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Identity and Mobility: Historical Fractionalization, Parochial Institutions, and Occupational Choice in the American Midwest

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Abstract

This paper examines the role played by a specific identity, defined as the attachment to a hometown, in determining occupational choice and mobility. The analysis links competition between ethnic networks in the Midwest when it was first developing, and the in-group identity that emerged endogenously to support these networks, to institutional participation and occupational choice today. Individuals born in counties with greater ethnic fractionalization in 1860 are today -- 150 years later --(i) significantly more likely to participate in institutions such as churches and parochial schools that transmit identity from one generation to the next, and (ii) significantly less likely to select into mobile skilled occupations. The effect of historical fractionalization on participation in these socializing institutions actually grows stronger over the course of the twentieth century, emphasizing the idea that small differences in initial conditions can have large long-term effects on institutions and economic choices.

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Bibliographic Info

Paper provided by Department of Economics, Williams College in its series Center for Development Economics with number 2011-02.

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Length: 44 pages
Date of creation: Oct 2010
Date of revision:
Handle: RePEc:wil:wilcde:2011-02

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Keywords: Identity; Institutional persistence; Networks; Occupational choice; Mobil- ity;

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  1. Coakley, Jerry & Kulasi, Farida & Smith, Ron, 1998. "The Feldstein-Horioka Puzzle and Capital Mobility: A Review," International Journal of Finance & Economics, John Wiley & Sons, Ltd., vol. 3(2), pages 169-88, April.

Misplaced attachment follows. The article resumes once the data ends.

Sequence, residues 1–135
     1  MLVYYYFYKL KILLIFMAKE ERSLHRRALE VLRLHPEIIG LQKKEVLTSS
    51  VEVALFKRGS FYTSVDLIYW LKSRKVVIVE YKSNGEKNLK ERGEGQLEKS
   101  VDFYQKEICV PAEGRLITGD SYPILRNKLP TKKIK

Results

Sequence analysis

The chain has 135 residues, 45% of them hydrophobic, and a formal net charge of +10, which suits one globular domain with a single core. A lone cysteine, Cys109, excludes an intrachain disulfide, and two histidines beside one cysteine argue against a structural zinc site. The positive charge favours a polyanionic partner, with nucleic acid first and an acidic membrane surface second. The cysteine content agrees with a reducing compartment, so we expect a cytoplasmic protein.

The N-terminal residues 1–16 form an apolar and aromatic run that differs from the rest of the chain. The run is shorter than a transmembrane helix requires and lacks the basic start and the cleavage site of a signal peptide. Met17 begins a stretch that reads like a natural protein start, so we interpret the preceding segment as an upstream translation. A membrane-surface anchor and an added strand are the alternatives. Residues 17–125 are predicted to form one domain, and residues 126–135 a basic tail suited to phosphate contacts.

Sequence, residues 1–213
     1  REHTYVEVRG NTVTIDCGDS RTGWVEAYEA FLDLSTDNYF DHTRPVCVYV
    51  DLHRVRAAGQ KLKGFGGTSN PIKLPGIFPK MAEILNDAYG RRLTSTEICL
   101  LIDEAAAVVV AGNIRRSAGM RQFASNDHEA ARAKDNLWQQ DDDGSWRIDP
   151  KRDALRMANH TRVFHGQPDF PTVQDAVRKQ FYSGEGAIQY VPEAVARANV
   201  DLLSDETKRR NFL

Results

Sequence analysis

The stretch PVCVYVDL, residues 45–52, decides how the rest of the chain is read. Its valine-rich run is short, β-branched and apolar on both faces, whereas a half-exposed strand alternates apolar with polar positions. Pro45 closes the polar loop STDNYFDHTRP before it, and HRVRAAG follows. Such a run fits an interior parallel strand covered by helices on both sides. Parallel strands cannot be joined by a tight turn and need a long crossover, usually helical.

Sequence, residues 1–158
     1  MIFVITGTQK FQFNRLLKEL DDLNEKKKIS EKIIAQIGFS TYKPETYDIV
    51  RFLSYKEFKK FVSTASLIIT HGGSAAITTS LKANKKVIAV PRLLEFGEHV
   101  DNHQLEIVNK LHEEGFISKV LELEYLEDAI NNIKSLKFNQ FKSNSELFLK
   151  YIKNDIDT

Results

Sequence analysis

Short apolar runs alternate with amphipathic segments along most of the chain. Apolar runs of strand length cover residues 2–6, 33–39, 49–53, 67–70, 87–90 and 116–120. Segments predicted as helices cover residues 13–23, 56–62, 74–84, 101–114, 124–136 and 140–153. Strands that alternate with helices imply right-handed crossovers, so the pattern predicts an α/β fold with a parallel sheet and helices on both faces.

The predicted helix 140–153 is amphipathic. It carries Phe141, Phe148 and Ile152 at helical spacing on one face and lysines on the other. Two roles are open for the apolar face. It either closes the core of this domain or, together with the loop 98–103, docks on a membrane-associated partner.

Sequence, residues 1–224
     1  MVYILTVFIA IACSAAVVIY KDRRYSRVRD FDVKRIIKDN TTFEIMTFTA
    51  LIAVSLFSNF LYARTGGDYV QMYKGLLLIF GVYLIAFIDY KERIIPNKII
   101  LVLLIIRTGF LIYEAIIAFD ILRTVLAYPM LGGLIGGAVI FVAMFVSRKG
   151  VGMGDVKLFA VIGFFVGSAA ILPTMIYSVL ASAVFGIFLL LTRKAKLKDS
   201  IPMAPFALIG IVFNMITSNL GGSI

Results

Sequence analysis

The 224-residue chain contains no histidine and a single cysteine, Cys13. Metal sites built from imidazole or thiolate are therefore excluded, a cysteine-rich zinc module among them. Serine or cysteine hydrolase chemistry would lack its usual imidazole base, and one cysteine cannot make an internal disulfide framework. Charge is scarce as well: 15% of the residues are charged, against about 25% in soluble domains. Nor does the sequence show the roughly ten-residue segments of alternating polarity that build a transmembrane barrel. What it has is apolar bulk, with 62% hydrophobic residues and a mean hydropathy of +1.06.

2. Hamid Faruqee & Aasim M. Husain, 1995. "Saving Trends in Southeast Asia," IMF Working Papers 95/39, International Monetary Fund.
  3. Jappelli, Tullio & Pagano, Marco, 1992. "Saving, Growth and Liquidity Constraints," CEPR Discussion Papers 662, C.E.P.R. Discussion Papers.
  4. Orazio P. Attanasio & Lucio Picci & Antonello E. Scorcu, 2000. "Saving, Growth, and Investment: A Macroeconomic Analysis Using a Panel of Countries," The Review of Economics and Statistics, MIT Press, vol. 82(2), pages 182-211, May.
  5. Oriana Bandiera & Gerard Caprio Jr. & Patrick Honohan & Fabio Schiantarelli, 1998. "Does Financial Reform Raise or Reduce Savings?," Boston College Working Papers in Economics 413, Boston College Department of Economics.
  6. Ghura, Dhaneshwar & Grennes, Thomas J., 1993. "The real exchange rate and macroeconomic performance in Sub-Saharan Africa," Journal of Development Economics, Elsevier, vol. 42(1), pages 155-174, October.
  7. Sebastian Edwards, 1995. "Why are Saving Rates so Different Across Countries?: An International Comparative Analysis," NBER Working Papers 5097, National Bureau of Economic Research, Inc.
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Cited by:
  1. Robert A. Blecker & Arslan Razmi, 2009. "Export-led growth, real exchange rates and the fallacy of composition," Working Papers 2009-22, American University, Department of Economics.
  2. Smith, Constance E., 2011. "External balance adjustment: An intra-national and international comparison," Journal of International Money and Finance, Elsevier, vol. 30(6), pages 1195-1213, October.
  3. Marcus Kappler & Helmut Reisen & Moritz Schularick & Edouard Turkisch, 2011. "The Macroeconomic Effects of Large Exchange Rate Appreciations," OECD Development Centre Working Papers 296, OECD Publishing.
  4. Luigi Bonatti & Andrea Fracasso, 2009. "The evolution of the Sino-American Co-dependency: modelling a regime switch in a growth setting," Department of Economics Working Papers 0905, Department of Economics, University of Trento, Italia.
  5. Lin, Justin Yifu & Monga, Celestin, 2010. "The growth report and new structural economics," Policy Research Working Paper Series 5336, The World Bank.
  6. World Bank, 2011. "Turkey - Country Economic Memorandum (CEM) : Sustaining High Growth - The Role of Domestic savings : Synthesis Report," World Bank Other Operational Studies 12264, The World Bank.

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